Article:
top of page

Does napping hinder or help your health?

Updated: May 28

This is a long-standing conundrum which we may be closer to resolving as a result of a fascinating new study. It involved a sample of almost 379000 participants of average age 57 and older. They were classified into three groups based on their napping frequency: non-nappers, occasional nappers, and regular nappers who underwent comprehensive cognitive assessments and brain imaging scans. The study results found an association between regular nappers and larger brain volumes compared to both non-nappers and occasional nappers. This raises intriguing questions about the potential cognitive benefits of daytime sleep. . Sleep, even in short bursts, may allow the brain to flush out toxins, consolidate memories, and recharge neural networks, ultimately leading to improved cognitive function. Previous research has demonstrated the positive effects of napping on attention, alertness, and memory consolidation. However, it is essential to approach napping with moderation and take individual needs into account. Not everyone may have the luxury or inclination to incorporate regular napping into their daily schedules. Moreover, the duration and timing of naps can also impact their effectiveness. Short power naps of around 20 minutes have been shown to boost alertness, while longer naps can lead to sleep inertia, causing grogginess upon waking. As our understanding of sleep and its impact on the brain continues to evolve, we may discover yet more novel ways to optimize our mental well-being and overall productivity.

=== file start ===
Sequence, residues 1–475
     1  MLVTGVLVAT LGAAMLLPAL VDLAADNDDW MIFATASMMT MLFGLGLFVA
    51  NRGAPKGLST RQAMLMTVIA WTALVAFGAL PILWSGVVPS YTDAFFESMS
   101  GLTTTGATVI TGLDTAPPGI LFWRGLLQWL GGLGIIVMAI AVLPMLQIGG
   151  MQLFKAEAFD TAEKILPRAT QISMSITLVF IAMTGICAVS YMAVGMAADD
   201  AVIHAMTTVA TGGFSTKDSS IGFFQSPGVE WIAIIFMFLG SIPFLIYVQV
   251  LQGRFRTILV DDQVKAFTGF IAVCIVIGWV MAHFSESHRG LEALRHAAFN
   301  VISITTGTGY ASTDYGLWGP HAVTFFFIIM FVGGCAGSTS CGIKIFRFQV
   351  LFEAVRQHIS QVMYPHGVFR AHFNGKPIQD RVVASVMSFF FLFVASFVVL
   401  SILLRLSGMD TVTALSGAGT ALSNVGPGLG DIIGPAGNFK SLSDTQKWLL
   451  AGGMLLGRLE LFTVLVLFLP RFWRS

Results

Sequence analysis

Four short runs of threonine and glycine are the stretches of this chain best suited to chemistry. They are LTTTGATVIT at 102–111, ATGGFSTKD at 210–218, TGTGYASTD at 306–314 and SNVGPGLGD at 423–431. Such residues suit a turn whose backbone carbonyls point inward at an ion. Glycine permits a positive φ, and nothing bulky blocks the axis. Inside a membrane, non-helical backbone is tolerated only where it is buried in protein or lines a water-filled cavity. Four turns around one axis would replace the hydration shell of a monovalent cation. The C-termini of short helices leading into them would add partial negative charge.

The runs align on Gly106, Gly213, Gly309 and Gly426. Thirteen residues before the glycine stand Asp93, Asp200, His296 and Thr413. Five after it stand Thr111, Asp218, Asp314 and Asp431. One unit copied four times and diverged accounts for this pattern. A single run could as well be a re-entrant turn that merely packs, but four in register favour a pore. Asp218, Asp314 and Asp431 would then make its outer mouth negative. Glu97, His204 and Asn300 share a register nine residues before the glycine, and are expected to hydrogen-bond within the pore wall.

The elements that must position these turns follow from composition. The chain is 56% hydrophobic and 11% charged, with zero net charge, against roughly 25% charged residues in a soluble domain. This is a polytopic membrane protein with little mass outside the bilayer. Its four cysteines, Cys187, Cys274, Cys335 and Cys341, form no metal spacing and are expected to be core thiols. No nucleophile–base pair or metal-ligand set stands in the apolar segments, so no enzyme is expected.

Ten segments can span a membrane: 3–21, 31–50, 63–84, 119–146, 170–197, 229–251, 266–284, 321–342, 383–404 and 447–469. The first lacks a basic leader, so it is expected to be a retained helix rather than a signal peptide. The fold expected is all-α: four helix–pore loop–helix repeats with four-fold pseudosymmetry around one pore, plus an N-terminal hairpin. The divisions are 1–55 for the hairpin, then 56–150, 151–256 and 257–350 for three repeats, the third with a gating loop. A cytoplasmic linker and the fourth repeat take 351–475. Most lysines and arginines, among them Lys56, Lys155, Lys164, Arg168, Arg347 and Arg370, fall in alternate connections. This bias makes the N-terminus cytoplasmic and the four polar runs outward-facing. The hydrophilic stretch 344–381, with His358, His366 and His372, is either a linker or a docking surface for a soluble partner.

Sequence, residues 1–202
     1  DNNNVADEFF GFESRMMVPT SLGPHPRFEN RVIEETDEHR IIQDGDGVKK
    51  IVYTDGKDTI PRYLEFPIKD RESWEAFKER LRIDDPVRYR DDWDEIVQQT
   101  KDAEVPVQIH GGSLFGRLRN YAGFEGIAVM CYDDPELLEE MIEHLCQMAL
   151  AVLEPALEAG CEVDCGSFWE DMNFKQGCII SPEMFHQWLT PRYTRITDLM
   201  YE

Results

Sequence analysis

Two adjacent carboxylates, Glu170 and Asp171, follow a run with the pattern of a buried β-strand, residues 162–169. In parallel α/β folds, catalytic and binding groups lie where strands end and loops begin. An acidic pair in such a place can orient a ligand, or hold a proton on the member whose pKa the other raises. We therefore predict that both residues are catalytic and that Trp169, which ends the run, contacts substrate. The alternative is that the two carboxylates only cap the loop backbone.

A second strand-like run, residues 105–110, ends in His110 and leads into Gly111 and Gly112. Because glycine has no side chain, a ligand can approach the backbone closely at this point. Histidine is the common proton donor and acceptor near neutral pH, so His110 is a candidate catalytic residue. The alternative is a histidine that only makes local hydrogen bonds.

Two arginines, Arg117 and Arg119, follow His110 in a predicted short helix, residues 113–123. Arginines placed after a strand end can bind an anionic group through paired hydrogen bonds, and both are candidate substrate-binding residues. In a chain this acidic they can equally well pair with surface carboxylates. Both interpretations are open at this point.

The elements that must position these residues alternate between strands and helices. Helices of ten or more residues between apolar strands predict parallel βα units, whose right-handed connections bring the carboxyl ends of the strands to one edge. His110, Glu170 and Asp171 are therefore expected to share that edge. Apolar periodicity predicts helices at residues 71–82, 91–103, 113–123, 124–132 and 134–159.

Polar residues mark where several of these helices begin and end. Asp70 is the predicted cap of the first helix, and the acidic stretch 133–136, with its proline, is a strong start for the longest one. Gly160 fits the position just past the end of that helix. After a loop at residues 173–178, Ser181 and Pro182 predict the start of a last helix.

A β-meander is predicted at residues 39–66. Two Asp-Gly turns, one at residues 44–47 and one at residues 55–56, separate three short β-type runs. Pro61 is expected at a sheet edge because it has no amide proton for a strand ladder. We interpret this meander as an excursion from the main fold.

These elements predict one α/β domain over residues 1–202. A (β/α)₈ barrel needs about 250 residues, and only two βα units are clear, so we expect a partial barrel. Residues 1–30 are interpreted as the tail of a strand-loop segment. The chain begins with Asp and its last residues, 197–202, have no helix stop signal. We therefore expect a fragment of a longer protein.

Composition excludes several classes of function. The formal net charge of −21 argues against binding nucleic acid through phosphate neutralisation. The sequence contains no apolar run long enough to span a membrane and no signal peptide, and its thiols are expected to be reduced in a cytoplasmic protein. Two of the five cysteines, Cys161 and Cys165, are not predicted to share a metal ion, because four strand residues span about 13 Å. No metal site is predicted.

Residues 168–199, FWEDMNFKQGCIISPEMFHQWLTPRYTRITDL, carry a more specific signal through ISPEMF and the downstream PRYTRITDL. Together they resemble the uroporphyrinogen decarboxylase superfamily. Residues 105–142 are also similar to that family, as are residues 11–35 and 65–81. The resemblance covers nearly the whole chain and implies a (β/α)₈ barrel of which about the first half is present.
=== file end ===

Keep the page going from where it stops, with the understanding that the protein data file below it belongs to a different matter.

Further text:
Paz, V., . Dashti, S.H., Garfield,V. (2023)Is there an association between daytime napping, cognitive function, and brain volume? A Mendelian randomization study in the UK Biobank,

Sleep Health,

7 views0 comments


bottom of page